When it comes to adding a glaze, try a sweet soy sauce, or Indonesian soy: “It is really cheap and you can buy it in all super markets. Brush your steak heavily on both sides and allow to BBQ, you can do this in between turning, to build up the levels of glaze. I like to garnish these off the BBQ, post cook, when it’s caramelised. The soy will caramelise the flesh and leave a coat of black love on top of the white celeriac. Sprinkle these steaks with more fresh herbs like coriander, or some Thai basil. Sprinkle with crushed dried chillies and zest a little lime over the top to finish it off and give another flavour dimension. You can then cut this through to reveal the colours of the meat inside. The eating experience is very meaty in texture and it tastes incredible.”
Luckily, “most of the best dips are vegan,” says Greg. But he adds that if there’s just one thing you should try this year it’s beetroot hummus – super easy to make but very effective: “Just blend chickpeas, garlic, tahini and beetroot, tasting for flavour as you go. It’s so simple yet refreshing!”
Everyone loves a bit of salsa on the side of their plate, whether it’s to mix in with their salad or dip their burger into. David’s zesty, fresh version is super easy: “Take a tin of sweetcorn and drain it. Add to a mixing bowl with a finely diced small red onion, some chopped coriander, and a squeeze and the zest of a lime. Now deseed and finely dice chop a red chilli. Add to this the flesh of some good tomatoes – plum tomatoes are easy, because of their shape, again cut these into cheeks, so you have the flesh and not all the seeds. Dice this evenly to match the corn. Season well with fresh black pepper and sea salt.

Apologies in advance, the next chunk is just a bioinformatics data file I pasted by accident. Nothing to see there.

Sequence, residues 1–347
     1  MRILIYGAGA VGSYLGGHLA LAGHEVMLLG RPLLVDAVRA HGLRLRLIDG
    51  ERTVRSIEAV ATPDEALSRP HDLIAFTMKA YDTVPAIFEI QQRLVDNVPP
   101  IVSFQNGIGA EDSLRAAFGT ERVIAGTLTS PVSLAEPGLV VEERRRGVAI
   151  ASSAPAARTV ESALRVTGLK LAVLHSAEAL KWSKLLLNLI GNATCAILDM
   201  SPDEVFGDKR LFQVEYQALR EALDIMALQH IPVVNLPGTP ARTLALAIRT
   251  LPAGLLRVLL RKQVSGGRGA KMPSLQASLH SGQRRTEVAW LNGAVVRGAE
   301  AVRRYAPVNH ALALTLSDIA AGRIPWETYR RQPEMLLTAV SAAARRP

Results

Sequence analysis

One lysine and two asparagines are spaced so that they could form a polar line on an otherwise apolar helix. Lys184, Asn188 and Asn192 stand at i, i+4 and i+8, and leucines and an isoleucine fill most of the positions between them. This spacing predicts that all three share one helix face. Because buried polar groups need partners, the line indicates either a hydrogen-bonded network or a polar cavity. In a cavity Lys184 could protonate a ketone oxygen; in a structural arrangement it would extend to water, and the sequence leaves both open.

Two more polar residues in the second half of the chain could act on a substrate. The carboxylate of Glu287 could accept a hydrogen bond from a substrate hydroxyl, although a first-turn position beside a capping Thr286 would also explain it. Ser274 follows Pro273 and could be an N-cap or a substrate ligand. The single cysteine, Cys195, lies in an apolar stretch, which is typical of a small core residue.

“Next take a good wedge of cucumber and repeat the process, dicing to match the corn. To finish this off, add some chopped mint. A few leaves of this will perk up any salad. Cut it small to allow little bursts of flavour in every mouthful of the salsa.”
Potato salad most commonly uses mayonnaise to make the sauce, but if you’re throwing a strictly vegan barbecue, there are ways around this – David suggests making a potato salad that uses a flavoursome vinaigrette instead of mayo:
“Take a good handful of baby cornichons and chop these through roughly. Rinse a small handful of baby capers and throw these in whole,” he says. “Now add a small amount of chopped dill. (If you don’t have dill, you might have some fennel fonds in the fridge or growing in your garden, these give a light aniseed flavour and are really refreshing.) To finish the salad, zest a lemon using a micro plane and finally, add a finely diced shallot to the party. For the vinaigrette, use three parts olive oil, to one-part vinegar. For this, I would use a white or red wine vinegar, definitely not malt. Whisk these into a good spoon of vegan Dijon mustard. If you are feeling frisky, add a little coarse grain mustard too.”
Let’s be honest, cheese perks up any meal, not just a barbecue. If you’re into the classic burger cheese slice, Violife’s vegan imitation is pretty spot on, so lay that down before plonking your meat-free meat on top. For salads, crumble a bit of Sainsbury’s Greek-style coconut-based alternative over the leaves and finish with some olives. And for those who simply crave a slice of the humble cheddar, Ocado’s Free-From Cheddar Style alternative should do the trick.
No barbecue would be complete without an array of condiments to choose from. For vegans and gluten-frees, however, these can be a minefield if you’re not checking the labels properly. Encona’s Jerk BBQ Sauce is vegan, vegetarian and gluten-free, while Hellmann’s now sell vegan mayonnaise. Sinclair Condiments also do a top-notch vegan Banana Ketchup if you’re after something a little bit different to ketchup, and can also be used to marinate chicken or lamb.